Apparently, Three's a Crowd on Off-Broadway
Is it a parody, or is it copyright infringement? That's the issue currently being debated over an Off-Broadway stage play that drew heavily on the old TV sitcom, Three's Company.
David Adjmi's play, 3C, opened last month, only to have a cease and desist letter turn up in the producer's hands on the same day as opening night. DLT Entertainment, which owns the copyright on the TV show, accused Mr. Adjmi of appropriating too many elements of Three's Company in his play, thus infringing on its intellectual property and diminishing its value should DLT choose to create a stage version of its own.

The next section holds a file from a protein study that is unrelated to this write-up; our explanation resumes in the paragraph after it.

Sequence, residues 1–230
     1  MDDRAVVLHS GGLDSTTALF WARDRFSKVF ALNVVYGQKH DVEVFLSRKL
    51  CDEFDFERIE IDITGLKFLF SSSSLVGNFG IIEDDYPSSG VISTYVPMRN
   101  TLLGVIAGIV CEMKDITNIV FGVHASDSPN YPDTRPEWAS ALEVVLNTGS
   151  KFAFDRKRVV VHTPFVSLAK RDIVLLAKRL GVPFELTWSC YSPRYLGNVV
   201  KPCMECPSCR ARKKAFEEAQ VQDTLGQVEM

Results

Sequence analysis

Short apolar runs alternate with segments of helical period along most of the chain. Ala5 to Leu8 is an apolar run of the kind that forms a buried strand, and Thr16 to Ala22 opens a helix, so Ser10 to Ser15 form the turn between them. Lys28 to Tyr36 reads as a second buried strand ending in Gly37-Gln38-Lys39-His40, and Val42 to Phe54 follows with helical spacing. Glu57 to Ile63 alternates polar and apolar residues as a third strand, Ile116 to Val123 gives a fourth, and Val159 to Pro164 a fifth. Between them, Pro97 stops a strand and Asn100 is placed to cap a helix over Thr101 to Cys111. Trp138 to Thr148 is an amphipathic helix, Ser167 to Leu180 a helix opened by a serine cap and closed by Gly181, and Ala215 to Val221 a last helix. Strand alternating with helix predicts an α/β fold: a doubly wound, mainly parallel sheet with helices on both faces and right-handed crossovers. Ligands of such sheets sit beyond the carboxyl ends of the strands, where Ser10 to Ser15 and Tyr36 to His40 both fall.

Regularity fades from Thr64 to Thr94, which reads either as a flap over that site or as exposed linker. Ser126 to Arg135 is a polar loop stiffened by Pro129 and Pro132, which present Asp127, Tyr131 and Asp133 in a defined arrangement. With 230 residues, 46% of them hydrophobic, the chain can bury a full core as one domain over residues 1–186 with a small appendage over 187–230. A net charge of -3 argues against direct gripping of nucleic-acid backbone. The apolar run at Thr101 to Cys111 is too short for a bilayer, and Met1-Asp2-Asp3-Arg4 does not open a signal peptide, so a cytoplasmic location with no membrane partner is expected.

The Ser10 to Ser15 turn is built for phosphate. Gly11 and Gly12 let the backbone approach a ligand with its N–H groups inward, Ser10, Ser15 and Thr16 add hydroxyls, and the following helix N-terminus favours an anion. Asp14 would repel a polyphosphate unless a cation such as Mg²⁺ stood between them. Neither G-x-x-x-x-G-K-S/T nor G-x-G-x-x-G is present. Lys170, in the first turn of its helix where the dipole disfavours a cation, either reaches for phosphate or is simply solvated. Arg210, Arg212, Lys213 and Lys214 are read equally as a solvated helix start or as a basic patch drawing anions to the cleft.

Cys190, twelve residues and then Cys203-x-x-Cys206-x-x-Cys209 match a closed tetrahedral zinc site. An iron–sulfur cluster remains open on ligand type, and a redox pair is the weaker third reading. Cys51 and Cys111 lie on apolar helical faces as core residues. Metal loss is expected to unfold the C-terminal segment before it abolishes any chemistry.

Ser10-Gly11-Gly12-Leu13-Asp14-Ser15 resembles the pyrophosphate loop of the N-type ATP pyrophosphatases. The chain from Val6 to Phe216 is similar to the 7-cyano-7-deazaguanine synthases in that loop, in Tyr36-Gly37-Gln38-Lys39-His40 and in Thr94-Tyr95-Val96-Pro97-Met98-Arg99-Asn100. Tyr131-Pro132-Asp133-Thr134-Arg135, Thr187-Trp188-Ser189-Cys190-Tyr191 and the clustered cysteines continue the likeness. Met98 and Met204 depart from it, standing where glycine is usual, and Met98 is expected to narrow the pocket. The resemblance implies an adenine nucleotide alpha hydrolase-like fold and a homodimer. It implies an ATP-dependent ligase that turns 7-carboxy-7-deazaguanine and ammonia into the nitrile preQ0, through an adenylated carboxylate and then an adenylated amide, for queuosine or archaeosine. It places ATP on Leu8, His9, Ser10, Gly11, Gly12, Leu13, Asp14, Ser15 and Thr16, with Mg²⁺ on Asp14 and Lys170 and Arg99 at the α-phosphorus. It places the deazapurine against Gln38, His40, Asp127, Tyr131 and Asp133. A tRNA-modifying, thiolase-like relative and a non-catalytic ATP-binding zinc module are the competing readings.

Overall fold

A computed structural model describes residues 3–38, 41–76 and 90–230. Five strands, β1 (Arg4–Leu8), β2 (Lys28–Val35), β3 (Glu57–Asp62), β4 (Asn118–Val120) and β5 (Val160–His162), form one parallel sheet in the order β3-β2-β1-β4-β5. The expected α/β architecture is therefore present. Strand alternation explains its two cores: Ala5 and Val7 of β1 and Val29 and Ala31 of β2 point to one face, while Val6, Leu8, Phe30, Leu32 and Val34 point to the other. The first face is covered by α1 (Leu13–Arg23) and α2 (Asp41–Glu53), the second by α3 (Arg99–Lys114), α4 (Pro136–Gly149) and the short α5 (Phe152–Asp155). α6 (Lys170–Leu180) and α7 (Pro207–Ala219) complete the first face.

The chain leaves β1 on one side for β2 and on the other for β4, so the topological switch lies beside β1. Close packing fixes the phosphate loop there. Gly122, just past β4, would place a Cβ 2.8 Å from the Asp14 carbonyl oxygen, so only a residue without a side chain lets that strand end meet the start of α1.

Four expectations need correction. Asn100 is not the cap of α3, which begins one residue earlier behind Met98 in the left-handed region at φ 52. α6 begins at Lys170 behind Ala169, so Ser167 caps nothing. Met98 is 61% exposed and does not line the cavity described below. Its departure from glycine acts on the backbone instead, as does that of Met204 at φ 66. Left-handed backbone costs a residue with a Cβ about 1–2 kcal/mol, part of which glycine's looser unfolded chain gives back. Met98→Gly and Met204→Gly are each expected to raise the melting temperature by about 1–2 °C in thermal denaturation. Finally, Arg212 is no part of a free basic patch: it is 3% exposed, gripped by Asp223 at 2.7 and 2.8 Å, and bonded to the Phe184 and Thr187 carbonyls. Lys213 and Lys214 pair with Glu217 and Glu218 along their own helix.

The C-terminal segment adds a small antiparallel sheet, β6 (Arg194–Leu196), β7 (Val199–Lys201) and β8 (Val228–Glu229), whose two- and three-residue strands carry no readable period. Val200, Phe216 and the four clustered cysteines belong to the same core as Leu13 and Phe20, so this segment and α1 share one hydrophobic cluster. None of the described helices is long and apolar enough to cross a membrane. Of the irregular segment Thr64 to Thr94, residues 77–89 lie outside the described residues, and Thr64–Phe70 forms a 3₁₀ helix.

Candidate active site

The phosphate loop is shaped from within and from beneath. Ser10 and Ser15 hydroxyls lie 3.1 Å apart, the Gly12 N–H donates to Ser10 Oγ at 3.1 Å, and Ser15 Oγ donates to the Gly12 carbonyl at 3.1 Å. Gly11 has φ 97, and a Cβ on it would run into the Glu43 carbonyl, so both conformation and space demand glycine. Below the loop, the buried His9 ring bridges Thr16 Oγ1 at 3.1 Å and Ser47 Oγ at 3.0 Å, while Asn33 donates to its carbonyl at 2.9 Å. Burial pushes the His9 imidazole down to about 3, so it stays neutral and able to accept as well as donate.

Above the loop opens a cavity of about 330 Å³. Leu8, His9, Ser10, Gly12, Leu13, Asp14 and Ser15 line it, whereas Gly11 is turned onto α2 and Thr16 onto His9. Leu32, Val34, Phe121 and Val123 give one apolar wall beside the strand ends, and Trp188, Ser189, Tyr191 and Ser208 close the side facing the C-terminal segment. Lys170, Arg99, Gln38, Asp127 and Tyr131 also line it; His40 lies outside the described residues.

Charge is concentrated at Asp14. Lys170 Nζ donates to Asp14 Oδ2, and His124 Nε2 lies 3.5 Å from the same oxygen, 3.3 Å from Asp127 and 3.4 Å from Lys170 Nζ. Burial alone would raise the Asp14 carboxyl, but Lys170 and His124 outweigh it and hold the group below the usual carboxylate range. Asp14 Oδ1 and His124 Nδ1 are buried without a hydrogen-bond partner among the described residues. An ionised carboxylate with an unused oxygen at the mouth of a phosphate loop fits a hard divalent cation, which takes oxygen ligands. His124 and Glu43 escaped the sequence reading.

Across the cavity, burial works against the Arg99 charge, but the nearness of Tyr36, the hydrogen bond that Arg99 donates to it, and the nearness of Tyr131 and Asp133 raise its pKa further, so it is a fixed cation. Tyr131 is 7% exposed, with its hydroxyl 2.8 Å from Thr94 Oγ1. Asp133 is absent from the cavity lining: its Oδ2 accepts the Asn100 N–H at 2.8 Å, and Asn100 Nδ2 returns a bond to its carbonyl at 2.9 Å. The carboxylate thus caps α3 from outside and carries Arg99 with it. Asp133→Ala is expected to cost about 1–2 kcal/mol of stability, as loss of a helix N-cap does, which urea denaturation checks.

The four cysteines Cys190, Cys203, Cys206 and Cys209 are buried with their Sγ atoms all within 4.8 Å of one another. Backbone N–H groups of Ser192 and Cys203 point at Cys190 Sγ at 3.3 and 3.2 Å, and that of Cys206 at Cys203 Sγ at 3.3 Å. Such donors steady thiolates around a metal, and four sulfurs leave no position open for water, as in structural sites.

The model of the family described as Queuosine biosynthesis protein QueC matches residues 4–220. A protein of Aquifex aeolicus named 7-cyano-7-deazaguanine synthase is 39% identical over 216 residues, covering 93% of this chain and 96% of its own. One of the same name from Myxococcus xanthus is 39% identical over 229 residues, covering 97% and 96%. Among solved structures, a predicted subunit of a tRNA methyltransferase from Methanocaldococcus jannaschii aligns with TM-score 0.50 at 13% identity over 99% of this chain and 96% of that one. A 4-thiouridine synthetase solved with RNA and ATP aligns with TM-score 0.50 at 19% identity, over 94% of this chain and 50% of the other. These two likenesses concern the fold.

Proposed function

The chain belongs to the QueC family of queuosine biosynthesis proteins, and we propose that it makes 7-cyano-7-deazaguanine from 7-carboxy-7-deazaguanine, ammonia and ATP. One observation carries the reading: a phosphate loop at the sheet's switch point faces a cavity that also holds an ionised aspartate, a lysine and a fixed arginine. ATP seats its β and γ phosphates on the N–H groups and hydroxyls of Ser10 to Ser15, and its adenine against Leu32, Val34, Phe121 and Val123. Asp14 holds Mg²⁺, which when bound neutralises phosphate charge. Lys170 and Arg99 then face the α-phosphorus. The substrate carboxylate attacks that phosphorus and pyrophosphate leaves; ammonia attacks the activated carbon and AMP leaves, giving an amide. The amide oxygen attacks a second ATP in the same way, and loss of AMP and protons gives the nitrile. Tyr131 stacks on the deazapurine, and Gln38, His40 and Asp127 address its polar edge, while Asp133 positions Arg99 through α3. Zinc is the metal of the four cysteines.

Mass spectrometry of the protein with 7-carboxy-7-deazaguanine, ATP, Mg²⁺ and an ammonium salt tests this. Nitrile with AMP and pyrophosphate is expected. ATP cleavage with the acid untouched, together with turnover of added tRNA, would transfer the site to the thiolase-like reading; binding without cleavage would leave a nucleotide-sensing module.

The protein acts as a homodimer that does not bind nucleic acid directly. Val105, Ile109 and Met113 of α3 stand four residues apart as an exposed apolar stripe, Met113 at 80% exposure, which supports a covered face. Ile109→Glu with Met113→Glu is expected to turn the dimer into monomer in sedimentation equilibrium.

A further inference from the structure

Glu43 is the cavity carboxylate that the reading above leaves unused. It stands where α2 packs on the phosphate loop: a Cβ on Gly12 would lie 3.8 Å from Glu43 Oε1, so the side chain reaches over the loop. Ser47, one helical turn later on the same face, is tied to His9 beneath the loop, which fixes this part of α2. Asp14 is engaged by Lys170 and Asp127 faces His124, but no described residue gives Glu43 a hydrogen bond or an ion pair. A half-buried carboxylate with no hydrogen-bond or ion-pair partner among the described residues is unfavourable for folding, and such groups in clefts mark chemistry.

Neither Mr. Adjmi nor anyone else denies that 3C borrows much from Three's Company. But the playwright apparently believed he was firmly grounded in the fair use exception known as parody. (Parody allows one to appropriate enough of the source material in order to permit the audience to know what it is that's being lampooned.) But even parody has its limits as far as fair use goes.
Not having seen the play, I couldn't even begin to offer an opinion as to whether 3C might have overstepped the fair use bounds. Regardless, rather than engage in what could have been a costly legal battle, the playwright chose to close the play indefinitely.
Meanwhile, fellow theater professionals have rallied to Mr. Adjmi's side. An open letter from them appears here.
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